106 M. C. W. Chen and K. C. Cheung
Figure 5.14. (left) The shielded junction employed to generate alginate microspheres.
Aqueous sodium alginate mixed with CaCO3 and cells is introduced into the central
channel (A). Sunflower oil mixed with acetic acid is supplied to the outermost channels (C).
Sunflower oil is supplied to the intermediate channels (B) to act as a shield preventing the
alginate solution from coming into contact with the acidified oil flow. Between channels
B and A the two oils flow in a laminar fashion, with minimal diffusion of H+ into the
protective sunflower oil. After droplet formation at the junction, H+ diffuses into the
alginate droplet, thus liberating Ca2+ from CaCO3, which causes gelation of the alginate.
(right) Light microscope image of encapsulated PC12 cells, showing small cell clumps
present after encapsulation.
U-2 OS cell lines.
A droplet-based microfluidic system has also been used to form
alginate beads with entrapped breast tumor cells. The alginate environment per-
mitted cell proliferation and the formation of multicellular spheroids. The dose-
dependent response of the tumor spheroids to doxorubicin, and anticancer drug,
showed multicellular resistance compared to conventional monolayer culture.
5.4.4 Other Configurations
A photopolymerizable polyethylene glycol (PEG) was used in combination with
dielectrophoresis (DEP) to trap cells in controlled, reproducible organizations.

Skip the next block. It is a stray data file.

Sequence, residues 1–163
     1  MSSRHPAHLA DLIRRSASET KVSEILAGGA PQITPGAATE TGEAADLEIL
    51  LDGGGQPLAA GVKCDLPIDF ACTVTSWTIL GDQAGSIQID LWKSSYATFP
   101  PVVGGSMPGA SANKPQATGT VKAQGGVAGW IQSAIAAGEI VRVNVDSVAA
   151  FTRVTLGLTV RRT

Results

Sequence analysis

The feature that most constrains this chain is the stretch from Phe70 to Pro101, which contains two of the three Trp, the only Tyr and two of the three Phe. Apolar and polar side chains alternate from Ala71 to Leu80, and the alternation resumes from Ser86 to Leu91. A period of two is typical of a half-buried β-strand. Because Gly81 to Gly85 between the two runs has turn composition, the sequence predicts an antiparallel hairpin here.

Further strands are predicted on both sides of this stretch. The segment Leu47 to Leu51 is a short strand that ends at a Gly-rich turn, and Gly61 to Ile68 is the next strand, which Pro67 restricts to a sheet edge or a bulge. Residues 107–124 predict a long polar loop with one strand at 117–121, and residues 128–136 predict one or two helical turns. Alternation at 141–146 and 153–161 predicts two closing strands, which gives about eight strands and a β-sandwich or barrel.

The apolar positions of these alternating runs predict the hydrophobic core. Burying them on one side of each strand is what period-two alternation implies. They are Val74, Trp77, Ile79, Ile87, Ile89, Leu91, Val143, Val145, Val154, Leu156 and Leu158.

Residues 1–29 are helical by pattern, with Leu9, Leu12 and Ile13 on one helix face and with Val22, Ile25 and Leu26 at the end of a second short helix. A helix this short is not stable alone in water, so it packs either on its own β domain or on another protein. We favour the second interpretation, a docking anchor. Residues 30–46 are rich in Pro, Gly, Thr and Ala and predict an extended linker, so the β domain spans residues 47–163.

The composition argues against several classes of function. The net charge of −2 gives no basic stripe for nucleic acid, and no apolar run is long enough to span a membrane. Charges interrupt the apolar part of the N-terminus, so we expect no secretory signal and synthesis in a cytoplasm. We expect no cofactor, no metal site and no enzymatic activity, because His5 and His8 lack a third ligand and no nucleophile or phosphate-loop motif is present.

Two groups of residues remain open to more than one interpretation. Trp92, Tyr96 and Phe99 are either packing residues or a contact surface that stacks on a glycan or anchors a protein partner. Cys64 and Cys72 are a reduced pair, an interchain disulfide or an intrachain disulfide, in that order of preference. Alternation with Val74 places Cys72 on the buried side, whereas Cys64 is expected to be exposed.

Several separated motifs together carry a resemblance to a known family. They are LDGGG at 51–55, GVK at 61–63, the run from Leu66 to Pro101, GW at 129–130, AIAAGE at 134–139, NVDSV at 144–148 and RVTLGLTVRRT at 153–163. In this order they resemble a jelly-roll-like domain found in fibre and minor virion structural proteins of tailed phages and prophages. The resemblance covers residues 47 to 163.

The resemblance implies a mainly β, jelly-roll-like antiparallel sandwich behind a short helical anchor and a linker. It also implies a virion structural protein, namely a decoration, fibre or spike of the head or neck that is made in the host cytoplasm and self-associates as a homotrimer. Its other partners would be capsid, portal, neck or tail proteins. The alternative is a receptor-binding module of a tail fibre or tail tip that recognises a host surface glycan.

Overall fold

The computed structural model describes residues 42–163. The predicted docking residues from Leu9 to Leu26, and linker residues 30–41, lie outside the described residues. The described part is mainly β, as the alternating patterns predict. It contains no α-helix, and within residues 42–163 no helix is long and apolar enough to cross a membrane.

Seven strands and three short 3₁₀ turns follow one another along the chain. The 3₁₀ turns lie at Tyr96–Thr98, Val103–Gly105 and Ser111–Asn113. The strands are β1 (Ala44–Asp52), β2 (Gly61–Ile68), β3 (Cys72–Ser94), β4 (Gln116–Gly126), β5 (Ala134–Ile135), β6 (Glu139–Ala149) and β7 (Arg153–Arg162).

The ability to pattern cell clusters with varying size and spacing showed that
microscale organization and tissue architecture can affect cell behavior.
A combination of micropillars and gel encapsulation has been used in a
3-D perfusion system
by Toh et al. In this work, the cells were immobilized
using the micropillar array, and then the cells were stabilized by a coacervated
methylated collagen/HEMA-MMA-MAA terpolymer. Their work has also used
polyethyleneimine-hydrazide as an inter-cellular linker, instead of the coacervated
hydrogel, to created a “gel-free” system.
Soft lithography and replica molding has been used to cast 3-D gel objects from
collagen, Matrigel, and agarose.
The cell densities in the gel modules ranged
from 10
, which approaches the density in tissues. The gel objects
had lateral dimensions from 40 to 1000 μm.
On-chip gelation of NiPAAm has been achieved using microheaters to
encapsulate single cells which have been positioned using optical tweezers.
NiPAAm is a thermoreversible gel, the entrapped cell can be released by turning
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